EC 170: Industrial Organization

Report
Industrial Organization: contemporary theory
and practice (3rd edition)
Lynne Pepall
Dan Richards
George Norman
Industrial Organization: Chapter 1
1
Introduction
• How firms behave in markets
• Whole range of business issues
– price of flowers; payment to be official sponsor of
major events
– which new products to introduce
– merger decisions
– methods for attacking or defending markets
• Strategic view of how firms interact
Industrial Organization: Chapter 1
2
• How should a firm price its product given the
existence of rivals?
• How does a firm decide which markets to enter?
• Incredible richness of examples:
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Microsoft/Netscape/Sun
ADM (collusion)
Toys R Us (exclusive dealing)
American Airlines (predatory pricing)
Merger wave
• At the heart of all of this is strategic interaction
Industrial Organization: Chapter 1
3
• Rely on the tools of game theory
– focuses on strategy and interaction
• Construct models: abstractions
– well established tradition in all science
• physics
• engineering
– are SUVs safe?
– Do seat-belts/Volvos save lives?
Industrial Organization: Chapter 1
4
The New Industrial Organization
• The “New Industrial Organization” is something of
a departure
– theory in advance of policy
– recognition of connection between market structure and
firms’ behavior
• Contrast pricing behavior of:
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grain farmers at first point of sale
gas stations: Texaco, Mobil, Exxon
computer manufacturers
pharmaceuticals (proprietary vs. generics)
Industrial Organization: Chapter 1
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• Do not say much about the internal organization
of firms
– vertical organization is discussed
– internal contracts are not
Industrial Organization: Chapter 1
6
Anti-trust Policy: an overview
• Developments in modern IO are sensitive to the
policy context
– Microsoft and ADM
• highlight aspects of developments in policy/law and economic
theory
• Need for anti-trust policy recognized by Adam
Smith (1776)
– “The monopolists, by keeping the market constantly
understocked, by never fully supplying the effectual
demand, sell their commodities much above the natural
price.”
Industrial Organization: Chapter 1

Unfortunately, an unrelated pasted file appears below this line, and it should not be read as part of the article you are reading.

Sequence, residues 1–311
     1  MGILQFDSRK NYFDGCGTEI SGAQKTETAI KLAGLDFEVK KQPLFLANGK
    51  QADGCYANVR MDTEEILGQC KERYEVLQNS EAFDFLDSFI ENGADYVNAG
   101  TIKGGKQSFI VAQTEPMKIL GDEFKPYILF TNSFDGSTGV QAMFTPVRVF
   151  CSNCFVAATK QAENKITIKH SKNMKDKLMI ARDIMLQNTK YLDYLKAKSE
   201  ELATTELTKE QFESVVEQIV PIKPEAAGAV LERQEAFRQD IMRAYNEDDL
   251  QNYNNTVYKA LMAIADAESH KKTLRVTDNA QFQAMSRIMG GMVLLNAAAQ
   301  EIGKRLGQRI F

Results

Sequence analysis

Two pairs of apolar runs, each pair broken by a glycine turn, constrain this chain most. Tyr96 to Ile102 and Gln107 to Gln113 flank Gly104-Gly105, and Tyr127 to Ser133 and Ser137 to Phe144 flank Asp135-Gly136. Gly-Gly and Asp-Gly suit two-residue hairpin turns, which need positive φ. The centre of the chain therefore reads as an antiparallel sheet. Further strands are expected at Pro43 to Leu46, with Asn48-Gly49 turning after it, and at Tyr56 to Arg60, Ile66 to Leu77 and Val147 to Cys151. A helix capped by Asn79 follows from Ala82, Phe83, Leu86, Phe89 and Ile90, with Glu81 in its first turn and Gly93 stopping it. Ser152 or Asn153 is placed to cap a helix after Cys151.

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– “People of the same trade seldom meet together, even
for merriment or diversion, but the conversation ends in
a conspiracy against the public, or in some contrivance
to raise prices.”
• Sherman Act 1890
– Section 1: prohibits contracts, combinations and
conspiracies “in restraint of trade”
– Section 2: makes illegal any attempt to monopolize a
market
– contrast per se rule
• collusive agreements/price fixing
– rule of reason
• “unreasonable” conduct
Industrial Organization: Chapter 1
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• Clayton Act (1914)
– intended to prevent monopoly “in its incipiency”
– makes illegal practices that “may substantially lessen
competition or tend to create a monopoly”
• Federal Trade Commission established in the same
year
• However, application affected by rule of reason
– proof of intent
– “the law does not make mere size an offence or the
existence of unexerted power an offence - it does not
compel competition nor require all that is possible.”
Industrial Organization: Chapter 1
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• Robinson-Patman (1936)
– prohibits price discrimination that is intended to lessen
competition
– intended to prevent aggressive price discounting
• The Alcoa case (1945) was also important
– 90% market share
– expanded capacity in advance of market expansion
– inferred anti-trust violation from structure and conduct
without overt evidence
• More relaxed attitude in last two decades
– emergence of large firms: merger waves
– importance of global competition
Industrial Organization: Chapter 1
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The New Industrial Organization
• Dissatisfaction with the structure-conductperformance approach
– collect profit data on firms in an industry
– explain differences using information on size,
organization, R&D, financial leverage etc.
– but what is the direction of causation?
• The “old” IO has limited treatment of product
differentiation
– representative firm, little strategic interaction
• New IO: strategic decision-making (Hotelling)
– scheduling of “blockbuster” and Disney movies
Industrial Organization: Chapter 1
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